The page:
Care in South Africa by Janan Kothari
There was a point in my life when I needed a break from everything around me. A break that would help me learn something new about myself. A break that would give me time to reflect on my recent experiences. A break that would allow me to figure out the next move in my journey of life. The month I spent in Cape Town gave me the perfect opportunity for all of this and more.
In my eyes, it’s the most beautiful city I’ve ever been to. From the rocky mountains and sandy beaches to the fascinating history and vibrant mix of people - Cape Town has it all. The day I landed there, I was even lucky enough to see a double rainbow on the drive home from the airport.
Like most volunteers will probably tell you, I was initially quite nervous. I had never travelled alone to a different country that was so far away from home. It felt like I was blindfolded and dropped into the unknown; I had no idea what to expect and that made it quite daunting. However, the nervousness dissipated as soon as I was introduced to my host family.
My Host Family
From what I’ve gathered during my time in South Africa, most locals are friendly, approachable and talkative; my host family was no exception to this. The Davis family was very welcoming and so were the other volunteers who I stayed with.
Evenings spent at home were fun and relaxed. We would all eat dinner together as a family and play a few rounds of card games by the fireplace. Sometimes, my roommate and I would also sit down and watch a game of football on the television; our host father would often accompany us if he finished work early. Being a vegetarian, I also had some initial reservations about the cuisine; however, my host mother was even kind enough to cook a separate meal for me every day.
I spent plenty of evenings learning Afrikaans from my host mother and listening to my host father share his experiences of life during apartheid; and in hindsight, I can honestly say that I feel blessed to have had such a supportive and generous host family.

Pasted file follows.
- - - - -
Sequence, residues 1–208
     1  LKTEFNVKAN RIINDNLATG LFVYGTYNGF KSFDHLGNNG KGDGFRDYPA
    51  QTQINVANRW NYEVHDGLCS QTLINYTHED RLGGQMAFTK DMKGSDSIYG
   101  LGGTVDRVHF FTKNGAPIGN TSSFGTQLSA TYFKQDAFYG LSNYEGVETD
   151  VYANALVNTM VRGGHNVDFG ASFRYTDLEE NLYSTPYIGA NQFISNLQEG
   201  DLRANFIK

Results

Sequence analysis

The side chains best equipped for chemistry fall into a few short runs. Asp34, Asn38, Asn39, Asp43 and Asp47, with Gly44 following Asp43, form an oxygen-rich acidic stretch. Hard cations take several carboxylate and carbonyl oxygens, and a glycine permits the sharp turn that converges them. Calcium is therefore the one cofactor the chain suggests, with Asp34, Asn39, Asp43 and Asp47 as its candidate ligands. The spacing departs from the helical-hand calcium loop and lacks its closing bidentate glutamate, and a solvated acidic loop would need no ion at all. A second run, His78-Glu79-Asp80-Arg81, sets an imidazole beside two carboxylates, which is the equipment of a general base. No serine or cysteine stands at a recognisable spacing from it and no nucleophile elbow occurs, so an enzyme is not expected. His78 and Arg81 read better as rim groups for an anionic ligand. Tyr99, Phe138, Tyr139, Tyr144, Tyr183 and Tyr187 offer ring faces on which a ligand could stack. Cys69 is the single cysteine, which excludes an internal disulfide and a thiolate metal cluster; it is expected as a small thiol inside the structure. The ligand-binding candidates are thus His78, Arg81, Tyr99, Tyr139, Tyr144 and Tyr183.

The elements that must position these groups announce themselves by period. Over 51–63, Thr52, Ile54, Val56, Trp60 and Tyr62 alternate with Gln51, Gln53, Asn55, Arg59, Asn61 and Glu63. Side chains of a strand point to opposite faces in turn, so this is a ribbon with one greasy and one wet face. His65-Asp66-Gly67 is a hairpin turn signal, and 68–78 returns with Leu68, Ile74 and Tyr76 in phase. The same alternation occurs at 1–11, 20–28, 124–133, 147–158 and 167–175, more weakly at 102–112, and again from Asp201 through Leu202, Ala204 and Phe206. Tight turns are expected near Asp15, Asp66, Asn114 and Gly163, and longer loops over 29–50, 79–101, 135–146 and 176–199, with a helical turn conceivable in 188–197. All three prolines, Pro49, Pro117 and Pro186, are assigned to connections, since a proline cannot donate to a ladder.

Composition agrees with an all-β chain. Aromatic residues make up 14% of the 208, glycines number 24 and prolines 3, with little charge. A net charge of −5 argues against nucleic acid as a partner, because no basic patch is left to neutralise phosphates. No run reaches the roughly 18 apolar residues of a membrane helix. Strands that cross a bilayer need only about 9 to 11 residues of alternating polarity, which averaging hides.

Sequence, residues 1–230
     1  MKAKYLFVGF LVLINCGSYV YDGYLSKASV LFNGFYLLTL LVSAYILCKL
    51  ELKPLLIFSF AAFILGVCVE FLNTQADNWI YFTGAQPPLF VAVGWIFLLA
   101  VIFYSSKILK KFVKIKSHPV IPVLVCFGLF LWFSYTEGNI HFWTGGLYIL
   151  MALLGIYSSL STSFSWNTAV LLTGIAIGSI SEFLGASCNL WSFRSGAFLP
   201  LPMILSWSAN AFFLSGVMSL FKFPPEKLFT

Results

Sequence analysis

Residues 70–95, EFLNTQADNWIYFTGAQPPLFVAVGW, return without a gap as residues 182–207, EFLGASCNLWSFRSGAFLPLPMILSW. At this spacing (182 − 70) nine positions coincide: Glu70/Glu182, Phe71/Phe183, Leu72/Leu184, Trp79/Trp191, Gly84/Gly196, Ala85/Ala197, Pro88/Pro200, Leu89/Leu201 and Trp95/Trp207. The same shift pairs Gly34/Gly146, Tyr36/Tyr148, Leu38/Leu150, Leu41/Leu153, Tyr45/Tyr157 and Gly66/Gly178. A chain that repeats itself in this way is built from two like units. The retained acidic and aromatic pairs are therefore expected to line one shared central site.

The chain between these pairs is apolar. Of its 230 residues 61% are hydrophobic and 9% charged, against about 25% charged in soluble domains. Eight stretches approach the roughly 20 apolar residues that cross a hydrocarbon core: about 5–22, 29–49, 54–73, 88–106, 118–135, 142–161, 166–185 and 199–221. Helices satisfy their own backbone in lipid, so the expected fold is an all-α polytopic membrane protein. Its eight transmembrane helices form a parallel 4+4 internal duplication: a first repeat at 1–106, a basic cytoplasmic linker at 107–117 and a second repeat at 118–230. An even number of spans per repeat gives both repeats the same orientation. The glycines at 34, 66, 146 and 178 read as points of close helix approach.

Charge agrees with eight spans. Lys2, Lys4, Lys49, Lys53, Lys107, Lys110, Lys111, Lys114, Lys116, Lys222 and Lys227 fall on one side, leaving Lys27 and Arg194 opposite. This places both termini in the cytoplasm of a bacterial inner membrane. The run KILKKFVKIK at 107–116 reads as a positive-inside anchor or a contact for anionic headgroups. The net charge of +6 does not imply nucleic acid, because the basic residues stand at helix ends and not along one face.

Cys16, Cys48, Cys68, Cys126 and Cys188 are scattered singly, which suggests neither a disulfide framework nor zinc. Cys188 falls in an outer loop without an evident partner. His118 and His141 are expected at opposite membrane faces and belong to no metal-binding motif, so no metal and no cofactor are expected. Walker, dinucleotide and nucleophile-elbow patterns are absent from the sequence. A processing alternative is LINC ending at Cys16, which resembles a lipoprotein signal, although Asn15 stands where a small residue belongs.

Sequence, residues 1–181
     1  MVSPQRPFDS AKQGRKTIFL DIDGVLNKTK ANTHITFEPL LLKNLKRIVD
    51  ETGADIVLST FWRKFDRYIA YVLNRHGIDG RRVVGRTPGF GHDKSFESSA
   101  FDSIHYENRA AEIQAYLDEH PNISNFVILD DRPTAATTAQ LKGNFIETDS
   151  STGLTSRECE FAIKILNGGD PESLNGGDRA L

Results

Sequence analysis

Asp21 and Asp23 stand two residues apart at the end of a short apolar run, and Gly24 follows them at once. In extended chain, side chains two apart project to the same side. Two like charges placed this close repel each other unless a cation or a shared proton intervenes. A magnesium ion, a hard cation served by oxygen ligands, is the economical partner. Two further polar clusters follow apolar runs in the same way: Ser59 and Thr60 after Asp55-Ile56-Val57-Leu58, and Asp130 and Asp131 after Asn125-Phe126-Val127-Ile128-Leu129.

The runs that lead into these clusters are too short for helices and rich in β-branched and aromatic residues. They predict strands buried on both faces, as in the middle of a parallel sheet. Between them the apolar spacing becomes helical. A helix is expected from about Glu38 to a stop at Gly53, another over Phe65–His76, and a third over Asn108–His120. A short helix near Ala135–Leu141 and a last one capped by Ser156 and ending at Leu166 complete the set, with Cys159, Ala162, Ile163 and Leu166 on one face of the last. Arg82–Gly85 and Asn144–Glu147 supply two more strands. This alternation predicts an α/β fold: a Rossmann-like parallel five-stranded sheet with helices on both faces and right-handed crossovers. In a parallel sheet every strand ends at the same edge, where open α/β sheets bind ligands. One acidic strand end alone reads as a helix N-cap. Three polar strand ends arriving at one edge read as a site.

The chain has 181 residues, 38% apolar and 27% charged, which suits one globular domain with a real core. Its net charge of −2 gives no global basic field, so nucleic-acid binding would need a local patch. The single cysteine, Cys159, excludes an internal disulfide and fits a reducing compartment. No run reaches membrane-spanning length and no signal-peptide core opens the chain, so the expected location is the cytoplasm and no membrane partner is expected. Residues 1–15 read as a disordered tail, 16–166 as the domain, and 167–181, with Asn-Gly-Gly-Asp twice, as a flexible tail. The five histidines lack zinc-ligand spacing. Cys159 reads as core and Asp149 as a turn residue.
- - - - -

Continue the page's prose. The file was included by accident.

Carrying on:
I vividly remember my first encounter with the children at the Sunrise Educare Centre. As soon as I entered a classroom full of three year olds, I felt twenty-seven pairs of eyes watching my every move. Within seconds however, there were smiles all around the room and then one of the boys stood up and gave me a hug. That was the first of many special moments I will never forget.
The mornings always started with a prayer, followed by breakfast. I would distribute bowls of pap amongst the children and feed the youngest ones of the lot. Every bathroom break thereafter, I was in charge of the boys, because without constant supervision, they usually wreaked havoc with the water from the taps.
Teaching sessions were integrated into a variety of activities. We did everything from sitting in a circle and teaching them shapes, colours, etc. to building different animals out of play-dough. Every Friday morning we would also have a gathering in the hallway to sing devotional songs (in English and Afrikaans). There were also scheduled playtimes throughout the day. Sometimes, I’d be a standing tunnel, for toys cars; and other times, I would be the shoulder the little ones sat on as they crossed the monkey bars.
When lunchtime came around, it would be a little less hectic. After a prayer, I would hand out plates of curry and bread to the children and then I would feed Liam. Unlike the other children, Liam never ate the curry, so we had to prepare a separate meal for him. Most of the time, by the end of the hour, there would be noodles all over Liam’s clothes and mine. Once everyone was done eating, the children would nap, until their parents came to collect them.
In all honesty, the days I spent at my placement were the best days of my life. It’s difficult to describe in words everything I felt, but the whole experience was so enriching. I learned so much about life, not only from the teachers, but also from the children. I met new people, made new friends, and even became a part of the family.
Weekends were used as opportunities to explore the city of Cape Town. Most Saturday mornings were spent eating delicious foods with other volunteers at Old Biscuit Mill in Woodstock. Afternoons, would usually involve trips to museums, gardens, and markets. Furthermore, I was also fortunate enough to meet up with an old friend during my stay. Together, we went to see the Constantia Winelands and Boulder’s Bay. However, the highlight of my trip would have to be the hike up Table Mountain via the Platteklip Gorge with my roommate.
Ever since I came back from Cape Town, my outlook on life has changed for the better. The time I spent with the children at my placement, helped put so many of my thoughts into perspective. I now have a clear idea of what I want to do in life and I have every intention of heading back to visit my new family when given another chance.